position to introduce the product to customer it will not be in a position to

understand the importance and uses of health insurance. it is rightly said

that awareness develop brand equity , due to awareness a customer

recognized the product and purchase the same , a customer is in position to

identify the product because of such awareness.

Q.4 Do you have any Health Insurance Policy?

(a) Yes (b) No

Yes No








Figure no 12.4

Parameters Percentage

Yes 54%

No 46%

Table no 12.4


54% Respondents having Health Insurance policy. 46% Respondents dont

have Health Insurance policy. Because lack of awareness about Health

Insurance and major issues in handling of Health Insurance 50%people not

having Health Insurance.

Q.5 If yes, which companies plan do you avail?

(a) ICICI Lombard

(b) Bajaj

Alliance (c )

Star Allied

(d) New India

Assurance (e)Others






20.00% Compani




ICICI Allied New India Others
Lombard Alliance Assurance
Figure no.12.5

Parameters Percentage







Table no.12.6


Indias largest Pvt. Sectors Bank, which is also in Health insurance,

ICICI Lombard is one of the best health insurance company and Star

Allied Health Insurance company approximately equally preferred by the

consumers , It has been successfully able to sustain in this competitive

market. The company offer attractive products as per expectations of the

customers .Although the premium amount is high but customers still opt
this companies Insurance product. It has created as his own brand image.

only because of quality services. In case of New India Assurance company

and Bajaj Allianz the most target audience are middleclass and lower

middle class , as the companies premium amount is less than other

insurance company.
Q.6 How did you get this health Policy?

(a)Employer Provides (b) Own purchase (c) Family Provides

Health Policy

% Health
% Own
Purchase Employer Family Provides

Figure no. 12.6

Parameters Percentage

Employer Provider 15%

Own Purchase 57%

Family Provider 28%

Table no.12.6

The Analysis shows that 57% respondents purchased own Health

Insurance .Single premium provide lots of extra lifetime facility, as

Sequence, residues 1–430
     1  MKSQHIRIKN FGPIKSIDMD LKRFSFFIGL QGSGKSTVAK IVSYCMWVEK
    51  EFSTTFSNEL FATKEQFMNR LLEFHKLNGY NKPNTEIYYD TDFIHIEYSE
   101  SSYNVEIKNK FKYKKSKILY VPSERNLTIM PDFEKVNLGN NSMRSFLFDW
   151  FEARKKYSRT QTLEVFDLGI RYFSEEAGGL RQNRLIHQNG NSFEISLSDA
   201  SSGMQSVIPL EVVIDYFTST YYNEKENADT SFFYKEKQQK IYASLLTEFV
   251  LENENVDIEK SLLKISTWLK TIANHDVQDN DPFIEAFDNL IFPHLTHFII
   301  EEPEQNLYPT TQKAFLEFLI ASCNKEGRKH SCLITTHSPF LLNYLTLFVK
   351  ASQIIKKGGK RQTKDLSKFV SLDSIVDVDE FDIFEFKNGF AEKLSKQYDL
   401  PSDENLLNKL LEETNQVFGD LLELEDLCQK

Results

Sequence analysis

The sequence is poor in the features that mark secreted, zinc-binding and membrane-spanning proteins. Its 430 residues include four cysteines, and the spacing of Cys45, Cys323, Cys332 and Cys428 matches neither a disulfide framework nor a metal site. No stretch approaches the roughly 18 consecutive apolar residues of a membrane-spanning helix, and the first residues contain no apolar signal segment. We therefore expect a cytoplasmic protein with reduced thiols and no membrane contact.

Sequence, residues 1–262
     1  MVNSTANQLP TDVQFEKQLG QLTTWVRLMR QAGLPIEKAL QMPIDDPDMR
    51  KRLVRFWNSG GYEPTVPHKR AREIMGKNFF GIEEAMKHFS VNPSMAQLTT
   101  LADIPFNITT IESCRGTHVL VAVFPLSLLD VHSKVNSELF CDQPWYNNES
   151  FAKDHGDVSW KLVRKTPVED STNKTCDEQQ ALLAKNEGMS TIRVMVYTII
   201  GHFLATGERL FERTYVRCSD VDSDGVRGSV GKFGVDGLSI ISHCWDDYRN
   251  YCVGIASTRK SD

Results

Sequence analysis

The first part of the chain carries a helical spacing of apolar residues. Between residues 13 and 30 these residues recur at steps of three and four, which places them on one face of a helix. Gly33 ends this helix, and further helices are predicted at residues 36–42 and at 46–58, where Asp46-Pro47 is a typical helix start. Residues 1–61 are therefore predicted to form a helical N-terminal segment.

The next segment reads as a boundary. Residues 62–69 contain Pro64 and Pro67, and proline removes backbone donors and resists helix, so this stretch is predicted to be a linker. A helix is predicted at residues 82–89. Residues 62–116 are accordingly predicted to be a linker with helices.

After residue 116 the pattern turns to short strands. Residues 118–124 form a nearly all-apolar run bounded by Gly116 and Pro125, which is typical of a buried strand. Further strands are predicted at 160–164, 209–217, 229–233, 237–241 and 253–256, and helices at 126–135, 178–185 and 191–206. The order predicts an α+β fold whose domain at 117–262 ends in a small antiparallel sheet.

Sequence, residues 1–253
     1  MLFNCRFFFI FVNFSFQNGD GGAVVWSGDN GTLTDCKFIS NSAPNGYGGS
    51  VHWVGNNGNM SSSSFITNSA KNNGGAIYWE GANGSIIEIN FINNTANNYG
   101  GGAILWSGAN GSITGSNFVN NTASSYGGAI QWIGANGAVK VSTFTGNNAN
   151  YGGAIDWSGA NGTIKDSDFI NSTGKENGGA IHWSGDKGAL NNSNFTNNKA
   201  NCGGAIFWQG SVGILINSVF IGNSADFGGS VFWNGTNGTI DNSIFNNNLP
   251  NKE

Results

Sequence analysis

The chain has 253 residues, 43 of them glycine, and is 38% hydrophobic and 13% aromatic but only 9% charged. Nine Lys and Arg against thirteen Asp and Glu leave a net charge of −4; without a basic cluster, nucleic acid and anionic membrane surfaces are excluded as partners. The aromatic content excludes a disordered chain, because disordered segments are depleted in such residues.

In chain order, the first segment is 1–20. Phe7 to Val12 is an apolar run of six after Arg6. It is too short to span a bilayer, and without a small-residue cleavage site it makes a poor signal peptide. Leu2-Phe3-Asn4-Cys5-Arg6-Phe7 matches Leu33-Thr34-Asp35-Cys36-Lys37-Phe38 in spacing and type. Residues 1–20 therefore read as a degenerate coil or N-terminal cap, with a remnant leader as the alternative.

compare to family floater plan customer will get maximum sum assured.

very few companies are provide health insurance for their employee and in

case of family floater company charge more premium as per the age of the

family member.
Q.7 How much premium do you pay annually?

(a) 1000- 5000 (b) 5001- 10000 (c) 10001 15000 (e) Above 15000









1000- 5000 5001- 10000 10001 15000 Above 15000

Figure no.12.7

Parameter Percentage

5000 33%

5001-10000 35%

1001-15000 25%

Above 15000 10%

Table no.12.7

Most of the respondents having insurance policy between the range of

1000-15000 ,Insurance companies offered insurance policy as per the age

of the customer but one most important thing researcher found that as the

premium amount is increase automatically customer will get better

coverage and benefit but some middleclass and lower-class customers not

able to pay more amount for premium.

Q.8 Why did you purchase this health insurance plan?

(a) Health Expenses recover

(b) Tax benefits

(c) Recover Future uncertainty

Health insurance plan


% Health
insurance plan
Health Tax benefits Recover Future
Expenses uncertainty

Figure no.12.8
Parameters Percentage

Health expenses
Recover 44%

Tax Benefit 21%

Recover future
Uncertainty 33%

. Table no. 12.8


The main concern of any insurer by purchasing any Health Insurance is to

cover their Health expenses ,the number of diseases increases day by day

and peoples are paying high amount for that so to recover that expense

people preferred Health Insurance. and most of the customers purchase